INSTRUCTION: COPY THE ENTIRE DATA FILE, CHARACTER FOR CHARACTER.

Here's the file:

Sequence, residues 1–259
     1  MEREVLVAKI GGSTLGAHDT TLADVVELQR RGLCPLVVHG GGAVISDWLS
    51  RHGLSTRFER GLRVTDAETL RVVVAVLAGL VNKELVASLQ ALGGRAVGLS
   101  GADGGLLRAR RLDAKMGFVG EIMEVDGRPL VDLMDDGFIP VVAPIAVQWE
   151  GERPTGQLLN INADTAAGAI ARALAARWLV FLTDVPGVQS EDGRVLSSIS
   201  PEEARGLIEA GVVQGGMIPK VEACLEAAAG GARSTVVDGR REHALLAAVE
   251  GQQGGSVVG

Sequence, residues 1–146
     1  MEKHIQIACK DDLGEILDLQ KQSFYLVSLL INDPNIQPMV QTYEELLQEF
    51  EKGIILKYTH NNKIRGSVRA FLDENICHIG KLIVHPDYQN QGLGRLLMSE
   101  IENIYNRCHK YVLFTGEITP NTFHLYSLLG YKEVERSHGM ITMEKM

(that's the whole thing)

Sequence, residues 1–259
     1  MEREVLVAKI GGSTLGAHDT TLADVVELQR RGLCPLVVHG GGAVISDWLS
    51  RHGLSTRFER GLRVTDAETL RVVVAVLAGL VNKELVASLQ ALGGRAVGLS
   101  GADGGLLRAR RLDAKMGFVG EIMEVDGRPL VDLMDDGFIP VVAPIAVQWE
   151  GERPTGQLLN INADTAAGAI ARALAARWLV FLTDVPGVQS EDGRVLSSIS
   201  PEEARGLIEA GVVQGGMIPK VEACLEAAAG GARSTVVDGR REHALLAAVE
   251  GQQGGSVVG

Sequence, residues 1–146
     1  MEKHIQIACK DDLGEILDLQ KQSFYLVSLL INDPNIQPMV QTYEELLQEF
    51  EKGIILKYTH NNKIRGSVRA FLDENICHIG KLIVHPDYQN QGLGRLLMSE
   101  IENIYNRCHK YVLFTGEITP NTFHLYSLLG YKEVERSHGM ITMEKM